Maria Montessori (1870-1952)
Montessori built on the work of Jean-Marc Gaspard Itard and Edouard Seguine to
develop a child-centered approach to education. She created a program for young
children in the slums of Rome which became known as the Montessori Method.The innovations Montessori brought to early childhood education include the
belief that each child develops from within as an individual; and that a child must
be free to select and use materials with a minimum of adult interference for as long
as desired. She invented self-correcting materials that developed the senses, language, the intellect, and the muscles; encouraged the use of child-size, moveable
furniture; and the use of sensory materials to build the foundation for reading,
writing, and arithmetic. Montessori advocated a change in the role of the teacher
from a shaper of behavior to an observer of child development and the development of independence, self-care, and self-confidence through self-directed activities in an unhurried environment that was suited to the needs of the child.Elements of the Montessori Method and adaptations of Montessori materials
are used widely today in early childhood programs throughout the world. Montessori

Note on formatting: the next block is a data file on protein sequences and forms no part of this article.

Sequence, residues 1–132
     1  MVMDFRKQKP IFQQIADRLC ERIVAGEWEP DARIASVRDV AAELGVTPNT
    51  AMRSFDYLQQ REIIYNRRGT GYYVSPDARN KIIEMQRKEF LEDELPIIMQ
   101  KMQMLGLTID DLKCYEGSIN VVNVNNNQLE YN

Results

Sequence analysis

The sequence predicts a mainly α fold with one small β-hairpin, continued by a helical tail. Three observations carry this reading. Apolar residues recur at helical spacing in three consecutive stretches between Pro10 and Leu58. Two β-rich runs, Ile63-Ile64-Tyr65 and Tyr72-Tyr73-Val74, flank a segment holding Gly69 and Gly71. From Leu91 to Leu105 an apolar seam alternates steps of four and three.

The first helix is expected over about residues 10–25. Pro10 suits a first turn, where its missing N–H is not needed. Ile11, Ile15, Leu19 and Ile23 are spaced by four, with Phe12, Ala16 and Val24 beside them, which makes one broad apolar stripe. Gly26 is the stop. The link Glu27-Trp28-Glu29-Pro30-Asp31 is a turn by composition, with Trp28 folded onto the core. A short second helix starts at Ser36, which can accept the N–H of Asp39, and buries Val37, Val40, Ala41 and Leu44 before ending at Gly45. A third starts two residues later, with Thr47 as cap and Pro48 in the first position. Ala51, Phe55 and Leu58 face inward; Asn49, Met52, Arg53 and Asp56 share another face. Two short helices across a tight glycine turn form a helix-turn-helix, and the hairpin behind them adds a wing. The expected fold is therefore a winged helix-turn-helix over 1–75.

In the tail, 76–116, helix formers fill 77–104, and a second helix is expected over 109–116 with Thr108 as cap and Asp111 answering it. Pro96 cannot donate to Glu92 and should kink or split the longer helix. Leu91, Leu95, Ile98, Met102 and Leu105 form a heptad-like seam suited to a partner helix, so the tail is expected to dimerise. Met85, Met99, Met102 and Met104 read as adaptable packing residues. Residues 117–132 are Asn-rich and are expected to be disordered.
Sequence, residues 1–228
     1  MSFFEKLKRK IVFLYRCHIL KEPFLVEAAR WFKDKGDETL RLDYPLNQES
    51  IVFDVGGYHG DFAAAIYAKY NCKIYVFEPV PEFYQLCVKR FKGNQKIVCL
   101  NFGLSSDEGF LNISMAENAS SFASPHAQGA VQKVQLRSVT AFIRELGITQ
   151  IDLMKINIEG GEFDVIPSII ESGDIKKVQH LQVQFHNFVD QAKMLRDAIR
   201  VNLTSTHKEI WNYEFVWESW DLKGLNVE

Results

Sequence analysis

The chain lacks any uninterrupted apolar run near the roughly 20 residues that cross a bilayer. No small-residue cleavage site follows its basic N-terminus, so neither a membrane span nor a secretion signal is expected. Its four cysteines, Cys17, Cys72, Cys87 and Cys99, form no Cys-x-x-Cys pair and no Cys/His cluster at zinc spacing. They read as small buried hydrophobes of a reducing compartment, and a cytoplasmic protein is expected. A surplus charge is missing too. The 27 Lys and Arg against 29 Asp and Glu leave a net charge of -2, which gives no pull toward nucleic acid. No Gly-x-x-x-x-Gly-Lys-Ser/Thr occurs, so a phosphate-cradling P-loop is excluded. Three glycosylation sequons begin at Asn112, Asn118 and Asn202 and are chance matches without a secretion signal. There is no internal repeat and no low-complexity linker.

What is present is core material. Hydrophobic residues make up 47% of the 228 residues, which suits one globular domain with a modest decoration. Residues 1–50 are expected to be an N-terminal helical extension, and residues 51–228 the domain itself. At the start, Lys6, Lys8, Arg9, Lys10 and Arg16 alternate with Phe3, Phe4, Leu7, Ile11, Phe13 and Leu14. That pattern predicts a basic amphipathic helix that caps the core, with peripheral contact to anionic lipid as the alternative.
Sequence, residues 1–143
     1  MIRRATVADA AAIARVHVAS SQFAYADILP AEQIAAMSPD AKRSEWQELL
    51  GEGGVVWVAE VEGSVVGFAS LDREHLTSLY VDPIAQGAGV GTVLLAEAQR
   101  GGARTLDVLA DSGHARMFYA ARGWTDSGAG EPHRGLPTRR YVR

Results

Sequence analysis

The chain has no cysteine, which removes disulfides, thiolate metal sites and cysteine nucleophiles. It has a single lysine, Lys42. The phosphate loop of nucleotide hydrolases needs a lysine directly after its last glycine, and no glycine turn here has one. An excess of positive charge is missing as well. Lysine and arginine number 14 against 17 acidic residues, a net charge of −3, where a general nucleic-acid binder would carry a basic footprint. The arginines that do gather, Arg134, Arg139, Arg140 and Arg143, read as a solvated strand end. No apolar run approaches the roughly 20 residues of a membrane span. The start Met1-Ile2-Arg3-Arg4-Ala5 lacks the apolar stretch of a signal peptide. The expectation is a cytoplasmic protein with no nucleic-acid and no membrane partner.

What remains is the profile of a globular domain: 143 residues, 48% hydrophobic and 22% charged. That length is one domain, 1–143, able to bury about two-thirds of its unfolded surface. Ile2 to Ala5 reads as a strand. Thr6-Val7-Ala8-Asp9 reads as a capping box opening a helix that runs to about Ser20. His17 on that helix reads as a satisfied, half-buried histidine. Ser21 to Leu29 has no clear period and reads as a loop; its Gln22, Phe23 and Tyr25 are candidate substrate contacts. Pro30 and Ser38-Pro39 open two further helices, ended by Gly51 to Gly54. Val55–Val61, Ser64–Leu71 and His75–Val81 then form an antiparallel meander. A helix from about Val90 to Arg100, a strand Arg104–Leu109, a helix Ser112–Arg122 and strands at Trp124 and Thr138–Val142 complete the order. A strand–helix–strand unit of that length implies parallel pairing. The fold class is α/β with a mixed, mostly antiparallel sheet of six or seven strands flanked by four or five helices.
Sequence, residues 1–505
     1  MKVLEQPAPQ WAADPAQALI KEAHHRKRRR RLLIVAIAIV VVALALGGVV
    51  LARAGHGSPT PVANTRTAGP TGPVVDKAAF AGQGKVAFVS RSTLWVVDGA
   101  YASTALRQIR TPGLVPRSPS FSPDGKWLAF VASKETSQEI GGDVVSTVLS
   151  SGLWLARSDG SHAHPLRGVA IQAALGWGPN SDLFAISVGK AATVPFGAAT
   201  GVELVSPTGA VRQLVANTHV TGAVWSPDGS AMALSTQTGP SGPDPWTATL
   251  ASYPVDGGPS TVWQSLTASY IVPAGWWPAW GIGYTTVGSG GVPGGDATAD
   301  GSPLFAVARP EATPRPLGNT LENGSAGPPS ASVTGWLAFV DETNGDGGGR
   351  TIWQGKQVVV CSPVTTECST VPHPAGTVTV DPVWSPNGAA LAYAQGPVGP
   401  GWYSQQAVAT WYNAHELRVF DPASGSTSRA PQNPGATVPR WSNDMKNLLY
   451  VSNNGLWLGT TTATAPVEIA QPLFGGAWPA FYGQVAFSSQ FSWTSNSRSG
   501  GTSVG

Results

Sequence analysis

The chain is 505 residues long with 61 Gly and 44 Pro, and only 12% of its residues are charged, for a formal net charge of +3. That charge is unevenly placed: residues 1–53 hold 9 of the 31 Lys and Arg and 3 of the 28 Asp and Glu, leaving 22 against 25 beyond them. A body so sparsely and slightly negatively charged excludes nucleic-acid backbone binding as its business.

provided insight into and respect for the ways in which young children learn.
|320. || The Montessori Method. Trans.
Anne E. George. New York: Frederick A.
Stokes, 1912; New York: Schoken Books, 1964. (repr.) A detailed presentation of Montessori's theory and practice of education. The introduction to the 1964 edition by
J. McVicker Hunt discusses the reasons for a
reexamination of the Montessori Method.|
|321. || Pedagogical Anthropology. Trans.
Frederic Taber Cooper. New York: Frederick A. Stokes, 1913. Describes the systematic study of children for
educational purposes and for developing philosophical principles of education. Discusses modern tendencies of anthropology and their relation to
pedagogy; the principles of general biology; the anatomy of the child in
detail; the biographical history of the pupil and his antecedents; and the
application of biometry to anthropology for the purpose of determining
the medial man. This is based on a series of lectures given at the University of Rome.|
|322. || The Advanced Montessori Method: The Montessori Elementary Material.
Arthur Livingston. New York: Frederick A. Stokes, 1917; Massachusetts: Bentley, 1964. (repr.) Describes the extension of the method for
the education of children from age 7 through 11. Discusses methods for
teaching grammar, reading, arithmetic, geometry, drawing, music, and|